US combined federal and state corporate tax rates approach 40 percent (depending on relevant state and local taxes). By comparison, the corporate tax rate is approximately 20 percent in the UK and 12 percent in Ireland. These disparities have materially impacted corporate strategy.
One result has been the popularity (or infamy) of “inversion” transactions, structured to ensure that a parent company based in a lower-tax jurisdiction results from the merger of a US company with a non-US company. The most well-known of these was Pfizer’s aborted bid for AstraZeneca. While the US Treasury has taken steps to discourage inversion transactions, the controversy has focused investor minds on the benefits of operating a global business through a non-US parent company.
Another effect of these jurisdictional tax disparities is that US companies are holding approximately two trillion dollars in “trapped cash” profits outside the US. Repatriating these profits to the US generates a significant tax charge. In this context, large US companies such asMicrosoft and Cisco increasingly have focused on non-US acquisitions.
These dynamics work to the benefit of European startups heading to the US. A European company that conducts US operations through a US subsidiary (rather than by “flipping” into a US parent company) is utilizing the same corporate structure as the inversion transactions that US-based multinational companies have gone through so much trouble to undertake.
US investors increasingly see value in this structure regardless of whether the ultimate exit is a sale or an IPO. If a sale is the preferred route, potential US acquirers with offshore “trapped cash” have acknowledged that non-US tech companies are attractive targets. If an IPO is desired, the startup’s ability to pay less tax on corporate profits will help boost valuation; European startups establish similar efficiencies in expanding to the US as US companies do when inverting out of it. King Digital, one of 2014’s significant US tech IPOs, is a good example; despite a strong US presence, King filed for its IPO through its Irish parent company.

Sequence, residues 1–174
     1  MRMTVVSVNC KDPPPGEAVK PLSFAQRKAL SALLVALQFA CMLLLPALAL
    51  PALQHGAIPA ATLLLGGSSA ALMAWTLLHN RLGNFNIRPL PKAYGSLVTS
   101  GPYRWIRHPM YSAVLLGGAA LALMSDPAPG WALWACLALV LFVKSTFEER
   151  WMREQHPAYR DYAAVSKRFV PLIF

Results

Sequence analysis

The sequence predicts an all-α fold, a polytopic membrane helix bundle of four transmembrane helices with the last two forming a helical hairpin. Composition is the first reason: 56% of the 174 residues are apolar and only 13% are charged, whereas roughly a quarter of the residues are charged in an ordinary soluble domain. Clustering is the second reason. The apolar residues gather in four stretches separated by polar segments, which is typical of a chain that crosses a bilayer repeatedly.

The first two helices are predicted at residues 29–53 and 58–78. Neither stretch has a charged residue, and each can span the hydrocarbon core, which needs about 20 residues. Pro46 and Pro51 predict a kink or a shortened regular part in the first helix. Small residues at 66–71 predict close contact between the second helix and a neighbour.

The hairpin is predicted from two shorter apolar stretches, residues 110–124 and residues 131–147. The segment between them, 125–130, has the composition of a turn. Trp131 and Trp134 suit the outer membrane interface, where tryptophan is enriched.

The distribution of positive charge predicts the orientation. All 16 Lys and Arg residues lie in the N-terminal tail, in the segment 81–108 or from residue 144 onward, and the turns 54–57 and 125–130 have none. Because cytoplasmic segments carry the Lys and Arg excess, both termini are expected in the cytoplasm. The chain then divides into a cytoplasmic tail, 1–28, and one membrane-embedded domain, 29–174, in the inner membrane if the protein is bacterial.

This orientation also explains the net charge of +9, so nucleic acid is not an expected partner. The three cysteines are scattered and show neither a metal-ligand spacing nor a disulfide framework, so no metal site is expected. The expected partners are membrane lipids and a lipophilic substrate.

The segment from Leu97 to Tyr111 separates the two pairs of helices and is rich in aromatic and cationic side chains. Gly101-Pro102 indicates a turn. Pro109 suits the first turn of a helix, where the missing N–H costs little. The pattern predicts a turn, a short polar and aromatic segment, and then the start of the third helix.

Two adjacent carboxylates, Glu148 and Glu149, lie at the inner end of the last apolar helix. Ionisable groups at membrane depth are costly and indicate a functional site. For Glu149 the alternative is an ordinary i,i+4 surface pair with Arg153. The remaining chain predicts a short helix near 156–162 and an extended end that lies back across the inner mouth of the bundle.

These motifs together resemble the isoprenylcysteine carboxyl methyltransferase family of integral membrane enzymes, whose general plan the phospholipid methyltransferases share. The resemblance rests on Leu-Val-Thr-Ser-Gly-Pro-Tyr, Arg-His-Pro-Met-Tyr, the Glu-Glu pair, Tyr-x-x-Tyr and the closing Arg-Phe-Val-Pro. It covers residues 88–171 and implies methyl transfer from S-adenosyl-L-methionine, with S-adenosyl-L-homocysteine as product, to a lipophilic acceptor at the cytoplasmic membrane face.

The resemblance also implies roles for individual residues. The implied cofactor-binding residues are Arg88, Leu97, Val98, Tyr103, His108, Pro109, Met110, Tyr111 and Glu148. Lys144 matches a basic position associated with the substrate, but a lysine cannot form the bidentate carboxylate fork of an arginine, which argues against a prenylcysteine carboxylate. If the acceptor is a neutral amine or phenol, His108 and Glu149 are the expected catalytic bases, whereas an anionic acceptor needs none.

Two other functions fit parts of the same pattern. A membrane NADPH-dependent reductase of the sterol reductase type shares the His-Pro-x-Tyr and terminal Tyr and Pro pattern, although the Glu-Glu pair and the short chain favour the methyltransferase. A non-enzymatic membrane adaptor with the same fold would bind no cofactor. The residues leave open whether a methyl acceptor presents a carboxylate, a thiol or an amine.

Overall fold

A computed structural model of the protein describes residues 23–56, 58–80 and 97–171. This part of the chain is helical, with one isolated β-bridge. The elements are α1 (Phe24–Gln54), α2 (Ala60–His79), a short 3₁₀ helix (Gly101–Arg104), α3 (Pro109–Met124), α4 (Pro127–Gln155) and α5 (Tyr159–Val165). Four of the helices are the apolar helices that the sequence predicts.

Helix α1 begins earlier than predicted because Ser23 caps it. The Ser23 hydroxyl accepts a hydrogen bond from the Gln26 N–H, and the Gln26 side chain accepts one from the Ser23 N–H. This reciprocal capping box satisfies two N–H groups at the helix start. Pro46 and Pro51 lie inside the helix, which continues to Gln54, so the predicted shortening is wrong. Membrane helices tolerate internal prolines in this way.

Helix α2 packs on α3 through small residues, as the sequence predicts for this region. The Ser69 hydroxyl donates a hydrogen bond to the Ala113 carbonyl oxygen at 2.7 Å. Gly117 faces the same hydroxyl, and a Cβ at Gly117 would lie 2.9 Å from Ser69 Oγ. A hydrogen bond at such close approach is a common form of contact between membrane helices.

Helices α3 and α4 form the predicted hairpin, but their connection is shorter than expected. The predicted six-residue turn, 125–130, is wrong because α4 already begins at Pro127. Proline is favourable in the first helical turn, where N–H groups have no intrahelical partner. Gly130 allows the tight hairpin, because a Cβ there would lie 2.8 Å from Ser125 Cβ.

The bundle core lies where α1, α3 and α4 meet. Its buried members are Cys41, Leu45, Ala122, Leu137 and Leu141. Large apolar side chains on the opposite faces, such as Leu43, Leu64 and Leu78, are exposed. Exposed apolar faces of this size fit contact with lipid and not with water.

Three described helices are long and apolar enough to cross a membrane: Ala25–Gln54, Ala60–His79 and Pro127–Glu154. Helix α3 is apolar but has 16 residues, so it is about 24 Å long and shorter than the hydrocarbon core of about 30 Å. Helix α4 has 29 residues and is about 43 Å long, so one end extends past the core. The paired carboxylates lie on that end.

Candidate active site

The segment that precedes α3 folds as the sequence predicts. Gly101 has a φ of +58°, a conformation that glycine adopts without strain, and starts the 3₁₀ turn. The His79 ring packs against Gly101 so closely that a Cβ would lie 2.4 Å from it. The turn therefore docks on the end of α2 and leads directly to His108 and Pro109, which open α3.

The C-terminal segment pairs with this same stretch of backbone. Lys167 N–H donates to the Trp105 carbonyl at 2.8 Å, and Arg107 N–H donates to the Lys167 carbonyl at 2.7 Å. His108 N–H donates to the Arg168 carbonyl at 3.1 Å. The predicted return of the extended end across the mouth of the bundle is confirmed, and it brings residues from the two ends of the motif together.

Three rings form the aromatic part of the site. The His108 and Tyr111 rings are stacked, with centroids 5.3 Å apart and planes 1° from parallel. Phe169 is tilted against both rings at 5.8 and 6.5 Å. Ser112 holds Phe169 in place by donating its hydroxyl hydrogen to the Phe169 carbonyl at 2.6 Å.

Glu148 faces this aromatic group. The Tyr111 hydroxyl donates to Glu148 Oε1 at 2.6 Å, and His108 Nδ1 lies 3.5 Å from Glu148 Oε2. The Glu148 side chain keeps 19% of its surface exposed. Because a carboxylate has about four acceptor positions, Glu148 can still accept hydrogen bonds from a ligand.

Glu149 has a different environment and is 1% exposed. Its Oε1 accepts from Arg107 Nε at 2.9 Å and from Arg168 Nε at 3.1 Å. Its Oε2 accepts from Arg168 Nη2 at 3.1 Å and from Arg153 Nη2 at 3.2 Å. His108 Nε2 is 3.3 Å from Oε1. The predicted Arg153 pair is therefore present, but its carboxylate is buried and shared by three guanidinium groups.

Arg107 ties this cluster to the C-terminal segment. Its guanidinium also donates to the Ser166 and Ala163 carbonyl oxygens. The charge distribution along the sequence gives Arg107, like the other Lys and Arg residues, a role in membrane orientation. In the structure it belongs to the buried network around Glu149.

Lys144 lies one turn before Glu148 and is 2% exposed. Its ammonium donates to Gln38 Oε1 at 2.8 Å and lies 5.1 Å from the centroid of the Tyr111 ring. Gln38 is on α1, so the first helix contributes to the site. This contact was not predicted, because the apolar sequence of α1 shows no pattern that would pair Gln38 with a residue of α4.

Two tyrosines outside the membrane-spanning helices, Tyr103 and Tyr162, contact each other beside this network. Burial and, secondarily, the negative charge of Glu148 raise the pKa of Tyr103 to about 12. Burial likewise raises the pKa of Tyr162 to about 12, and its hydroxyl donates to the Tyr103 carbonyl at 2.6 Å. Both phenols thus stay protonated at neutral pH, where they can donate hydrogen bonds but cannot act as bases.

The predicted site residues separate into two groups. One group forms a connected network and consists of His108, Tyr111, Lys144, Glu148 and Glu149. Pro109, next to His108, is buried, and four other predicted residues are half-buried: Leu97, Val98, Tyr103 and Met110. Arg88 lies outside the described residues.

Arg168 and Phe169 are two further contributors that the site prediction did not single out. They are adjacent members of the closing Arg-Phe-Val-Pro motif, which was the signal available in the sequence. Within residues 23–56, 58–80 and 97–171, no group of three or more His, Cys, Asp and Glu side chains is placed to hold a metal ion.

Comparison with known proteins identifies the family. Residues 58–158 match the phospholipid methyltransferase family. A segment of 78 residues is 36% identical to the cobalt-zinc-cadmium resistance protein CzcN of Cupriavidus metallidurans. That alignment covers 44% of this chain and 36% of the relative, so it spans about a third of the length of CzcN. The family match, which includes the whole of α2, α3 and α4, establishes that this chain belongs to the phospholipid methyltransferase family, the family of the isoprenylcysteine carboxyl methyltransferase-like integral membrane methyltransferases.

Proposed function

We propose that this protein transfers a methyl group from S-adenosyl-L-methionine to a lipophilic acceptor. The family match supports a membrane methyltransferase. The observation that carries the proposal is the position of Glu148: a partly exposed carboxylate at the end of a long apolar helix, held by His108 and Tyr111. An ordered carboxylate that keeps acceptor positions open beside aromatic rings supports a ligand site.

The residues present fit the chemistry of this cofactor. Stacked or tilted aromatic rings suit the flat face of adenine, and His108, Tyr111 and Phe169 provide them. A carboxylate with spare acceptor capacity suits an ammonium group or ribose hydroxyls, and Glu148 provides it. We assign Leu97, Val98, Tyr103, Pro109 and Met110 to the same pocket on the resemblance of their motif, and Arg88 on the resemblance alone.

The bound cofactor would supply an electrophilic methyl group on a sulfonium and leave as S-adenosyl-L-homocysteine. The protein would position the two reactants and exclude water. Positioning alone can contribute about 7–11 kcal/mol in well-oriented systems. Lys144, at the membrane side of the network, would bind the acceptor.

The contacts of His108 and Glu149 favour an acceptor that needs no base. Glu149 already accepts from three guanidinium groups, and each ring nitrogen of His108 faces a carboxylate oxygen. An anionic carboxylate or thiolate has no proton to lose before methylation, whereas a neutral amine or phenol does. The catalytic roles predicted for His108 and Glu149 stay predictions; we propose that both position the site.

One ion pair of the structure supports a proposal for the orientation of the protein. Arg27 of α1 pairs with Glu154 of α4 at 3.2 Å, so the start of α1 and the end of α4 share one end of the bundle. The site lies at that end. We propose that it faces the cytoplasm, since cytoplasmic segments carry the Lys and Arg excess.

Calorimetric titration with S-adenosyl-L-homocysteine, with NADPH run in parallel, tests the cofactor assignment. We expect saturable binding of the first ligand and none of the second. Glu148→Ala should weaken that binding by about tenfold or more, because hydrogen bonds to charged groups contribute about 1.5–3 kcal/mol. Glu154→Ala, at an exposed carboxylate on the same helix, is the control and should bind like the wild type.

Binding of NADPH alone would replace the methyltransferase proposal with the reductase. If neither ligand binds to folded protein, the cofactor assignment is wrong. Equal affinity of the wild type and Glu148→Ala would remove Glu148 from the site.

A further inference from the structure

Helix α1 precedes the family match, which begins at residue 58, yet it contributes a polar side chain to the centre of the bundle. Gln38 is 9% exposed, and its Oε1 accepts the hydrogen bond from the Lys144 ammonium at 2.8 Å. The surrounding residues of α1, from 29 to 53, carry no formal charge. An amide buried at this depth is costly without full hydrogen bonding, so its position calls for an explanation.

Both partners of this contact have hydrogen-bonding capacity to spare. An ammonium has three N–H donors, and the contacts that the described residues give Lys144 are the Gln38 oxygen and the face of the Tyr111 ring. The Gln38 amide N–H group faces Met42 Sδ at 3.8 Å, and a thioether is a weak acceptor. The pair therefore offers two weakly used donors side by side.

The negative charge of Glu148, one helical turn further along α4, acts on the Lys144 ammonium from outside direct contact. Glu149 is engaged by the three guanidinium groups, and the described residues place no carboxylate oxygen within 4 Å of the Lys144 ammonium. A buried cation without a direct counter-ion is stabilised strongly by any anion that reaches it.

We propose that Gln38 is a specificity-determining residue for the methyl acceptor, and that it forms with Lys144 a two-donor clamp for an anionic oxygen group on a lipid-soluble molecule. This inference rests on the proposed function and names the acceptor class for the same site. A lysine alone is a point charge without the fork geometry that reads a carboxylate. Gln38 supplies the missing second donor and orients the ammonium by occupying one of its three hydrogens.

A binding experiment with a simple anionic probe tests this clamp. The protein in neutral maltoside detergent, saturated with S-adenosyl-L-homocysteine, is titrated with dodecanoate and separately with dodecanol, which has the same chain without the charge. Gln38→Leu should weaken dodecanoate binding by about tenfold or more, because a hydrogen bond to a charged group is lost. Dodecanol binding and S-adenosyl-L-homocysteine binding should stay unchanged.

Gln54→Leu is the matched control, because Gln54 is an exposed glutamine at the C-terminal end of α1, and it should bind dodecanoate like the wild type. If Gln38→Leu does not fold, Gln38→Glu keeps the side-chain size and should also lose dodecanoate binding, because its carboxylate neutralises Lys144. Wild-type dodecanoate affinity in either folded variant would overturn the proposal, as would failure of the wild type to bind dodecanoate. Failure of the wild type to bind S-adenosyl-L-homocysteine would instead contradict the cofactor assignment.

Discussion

US investors naturally seek the opportunities most likely to maximize returns, and US investment won’t continue to flow into European startups unless quality investment opportunities are available. But as top startups expand to the US from growing ecosystems in London, Berlin, Paris, Stockholm, Amsterdam and elsewhere, they will increasingly find that savvy US investors are waiting to welcome them with open arms & Spark Labs can help them in that process.
**About the Author**
Daniel Glazer is a partner at Wilson Sonsini Goodrich & Rosati, where he leads the New York office’s technology transactions practice and also advises UK and other non-US companies on US expansion, fundraising and strategic partnership transactions. Dan’s practice focuses on commercial, IP, and technology matters, with a particular emphasis on licensing, sourcing, and services arrangements. His clients range from early-stage start-ups to Fortune 100 companies.
**About Spark Labs**
Spark Labs is the global network for innovation. We believe that fostering great businesses starts with having the right environment, team, mentors and local connections. Being entrepreneurs ourselves, we know that launching or expanding a company into the US can be difficult. That’s why we’ve decided to develop a revolutionary ecosystem for entrepreneurs with a very strong focus on community, network and relationships. You can read more about Spark Labs on our website spark-labs.co.